LimitationsThe dollar amount of the Domestic Production Activities Deduction is limited. The deduction cannot exceed adjusted gross income (for sole proprietors, partnerships, S-corporations, or limited liability corporations) or taxable income (for C-corporations). Also, the deduction cannot exceed 50% of W-2 wages.
Domestic Production Activities Deduction cannot exceed:
Adjusted Gross Income, or
50% of W-2 Wages paid out
Simplified Method"The rules are simplified for a small business in a single line of business," according to Paul Schlather. Make sure your business qualifies under the qualified production activities rules, and then take 3% of net income. Compare the 3% figure to adjusted gross income and W-2 wages paid out. A business will not qualify for the Domestic Production Activities Deduction if it has zero net income or zero W-2 wages.
Where to Claim the DeductionBusinesses will need to fill out IRS Form 8903 (PDF). You can also download Instructions for Form 8903.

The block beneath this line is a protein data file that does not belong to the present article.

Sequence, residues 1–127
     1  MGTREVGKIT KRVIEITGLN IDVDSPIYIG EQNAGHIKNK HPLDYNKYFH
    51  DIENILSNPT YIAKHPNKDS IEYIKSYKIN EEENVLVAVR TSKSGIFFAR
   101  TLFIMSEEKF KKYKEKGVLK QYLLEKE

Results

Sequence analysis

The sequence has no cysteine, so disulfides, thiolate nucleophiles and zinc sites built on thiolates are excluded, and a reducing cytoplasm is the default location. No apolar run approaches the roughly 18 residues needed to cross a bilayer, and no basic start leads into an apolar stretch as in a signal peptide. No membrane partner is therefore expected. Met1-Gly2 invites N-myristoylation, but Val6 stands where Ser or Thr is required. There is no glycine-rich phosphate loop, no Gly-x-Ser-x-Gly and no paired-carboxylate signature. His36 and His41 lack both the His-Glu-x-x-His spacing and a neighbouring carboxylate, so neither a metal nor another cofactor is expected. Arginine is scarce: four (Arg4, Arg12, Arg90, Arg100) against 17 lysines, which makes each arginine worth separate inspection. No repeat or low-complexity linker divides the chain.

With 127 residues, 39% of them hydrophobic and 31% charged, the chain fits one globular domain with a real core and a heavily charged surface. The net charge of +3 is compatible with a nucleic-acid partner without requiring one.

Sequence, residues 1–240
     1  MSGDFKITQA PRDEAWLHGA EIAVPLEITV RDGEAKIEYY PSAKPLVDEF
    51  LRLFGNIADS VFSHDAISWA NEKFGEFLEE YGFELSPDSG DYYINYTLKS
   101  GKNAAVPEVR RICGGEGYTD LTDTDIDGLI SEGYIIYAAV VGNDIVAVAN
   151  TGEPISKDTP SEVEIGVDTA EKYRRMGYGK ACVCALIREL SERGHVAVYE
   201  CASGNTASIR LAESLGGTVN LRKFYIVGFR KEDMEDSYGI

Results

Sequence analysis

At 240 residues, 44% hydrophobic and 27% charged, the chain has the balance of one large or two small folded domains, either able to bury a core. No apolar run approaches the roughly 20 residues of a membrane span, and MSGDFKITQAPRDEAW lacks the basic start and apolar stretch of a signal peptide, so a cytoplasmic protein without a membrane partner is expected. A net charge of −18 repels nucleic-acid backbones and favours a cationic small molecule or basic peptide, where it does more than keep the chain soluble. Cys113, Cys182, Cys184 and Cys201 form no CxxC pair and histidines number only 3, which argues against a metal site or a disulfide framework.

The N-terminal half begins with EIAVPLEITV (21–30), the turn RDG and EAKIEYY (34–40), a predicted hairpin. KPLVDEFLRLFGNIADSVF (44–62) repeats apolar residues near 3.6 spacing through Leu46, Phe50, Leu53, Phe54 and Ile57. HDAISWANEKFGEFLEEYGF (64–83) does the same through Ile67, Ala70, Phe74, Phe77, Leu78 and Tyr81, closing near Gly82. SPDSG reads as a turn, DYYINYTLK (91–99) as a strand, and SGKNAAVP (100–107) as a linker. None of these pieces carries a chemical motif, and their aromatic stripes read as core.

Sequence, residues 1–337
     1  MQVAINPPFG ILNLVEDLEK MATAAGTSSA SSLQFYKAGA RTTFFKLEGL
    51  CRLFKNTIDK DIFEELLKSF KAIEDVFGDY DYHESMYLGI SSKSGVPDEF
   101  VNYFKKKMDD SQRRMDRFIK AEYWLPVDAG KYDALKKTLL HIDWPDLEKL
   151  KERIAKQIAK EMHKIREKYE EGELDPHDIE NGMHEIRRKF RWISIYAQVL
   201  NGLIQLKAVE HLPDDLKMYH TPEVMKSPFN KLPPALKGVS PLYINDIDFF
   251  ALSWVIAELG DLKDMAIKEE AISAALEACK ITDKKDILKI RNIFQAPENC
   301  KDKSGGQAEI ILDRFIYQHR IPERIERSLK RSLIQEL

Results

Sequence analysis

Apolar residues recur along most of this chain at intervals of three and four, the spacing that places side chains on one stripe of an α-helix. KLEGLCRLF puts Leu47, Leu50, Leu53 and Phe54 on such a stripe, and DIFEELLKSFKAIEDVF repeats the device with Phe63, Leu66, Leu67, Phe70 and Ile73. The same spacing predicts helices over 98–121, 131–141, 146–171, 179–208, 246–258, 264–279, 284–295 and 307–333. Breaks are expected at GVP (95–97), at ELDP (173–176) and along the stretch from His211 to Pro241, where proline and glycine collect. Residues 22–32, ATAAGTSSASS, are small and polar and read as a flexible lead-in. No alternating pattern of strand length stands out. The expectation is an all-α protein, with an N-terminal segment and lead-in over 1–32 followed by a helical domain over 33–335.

Tax LawInternal Revenue Code Section 199, and IRS Proposed Regulations 1.199. This deduction was part of the American Jobs Creation Act of 2004.
From the IRS
"For 2005 and 2006, the deduction equals 3% of the lesser of: (a) qualified production activities income; or (b) taxable income for the taxable year. However, the deduction for a taxable year is limited to 50 percent of the W-2 wages paid by the taxpayer during the calendar year that ends in such taxable year. The deduction is phased-in; for 2007 through 2009 the percentage increases to 6% and for 2010 and after the percentage will be 9%.(from IRS.gov, Brief Overview, no longer available online)
Qualified production activities include manufacturing, producing, growing, and extracting tangible personal property, computer software, and sound recordings, and the construction and substantial renovation of real property including infrastructure. The production of certain films is also a qualifying activity as are certain engineering or architectural services."